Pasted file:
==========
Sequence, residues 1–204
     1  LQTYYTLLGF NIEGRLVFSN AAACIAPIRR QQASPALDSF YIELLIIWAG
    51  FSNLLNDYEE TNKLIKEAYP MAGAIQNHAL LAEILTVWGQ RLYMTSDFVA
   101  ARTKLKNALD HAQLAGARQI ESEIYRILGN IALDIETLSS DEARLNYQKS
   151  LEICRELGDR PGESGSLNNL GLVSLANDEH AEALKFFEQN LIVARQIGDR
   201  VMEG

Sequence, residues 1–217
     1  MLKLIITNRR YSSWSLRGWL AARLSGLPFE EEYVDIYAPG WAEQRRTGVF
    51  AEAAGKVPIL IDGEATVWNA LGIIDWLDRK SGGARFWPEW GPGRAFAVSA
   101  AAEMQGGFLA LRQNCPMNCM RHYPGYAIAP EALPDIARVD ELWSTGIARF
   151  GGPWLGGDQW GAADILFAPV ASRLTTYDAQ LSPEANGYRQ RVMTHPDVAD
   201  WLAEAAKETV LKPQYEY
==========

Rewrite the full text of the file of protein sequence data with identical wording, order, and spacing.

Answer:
Sequence, residues 1–204
     1  LQTYYTLLGF NIEGRLVFSN AAACIAPIRR QQASPALDSF YIELLIIWAG
    51  FSNLLNDYEE TNKLIKEAYP MAGAIQNHAL LAEILTVWGQ RLYMTSDFVA
   101  ARTKLKNALD HAQLAGARQI ESEIYRILGN IALDIETLSS DEARLNYQKS
   151  LEICRELGDR PGESGSLNNL GLVSLANDEH AEALKFFEQN LIVARQIGDR
   201  VMEG

Sequence, residues 1–217
     1  MLKLIITNRR YSSWSLRGWL AARLSGLPFE EEYVDIYAPG WAEQRRTGVF
    51  AEAAGKVPIL IDGEATVWNA LGIIDWLDRK SGGARFWPEW GPGRAFAVSA
   101  AAEMQGGFLA LRQNCPMNCM RHYPGYAIAP EALPDIARVD ELWSTGIARF
   151  GGPWLGGDQW GAADILFAPV ASRLTTYDAQ LSPEANGYRQ RVMTHPDVAD
   201  WLAEAAKETV LKPQYEY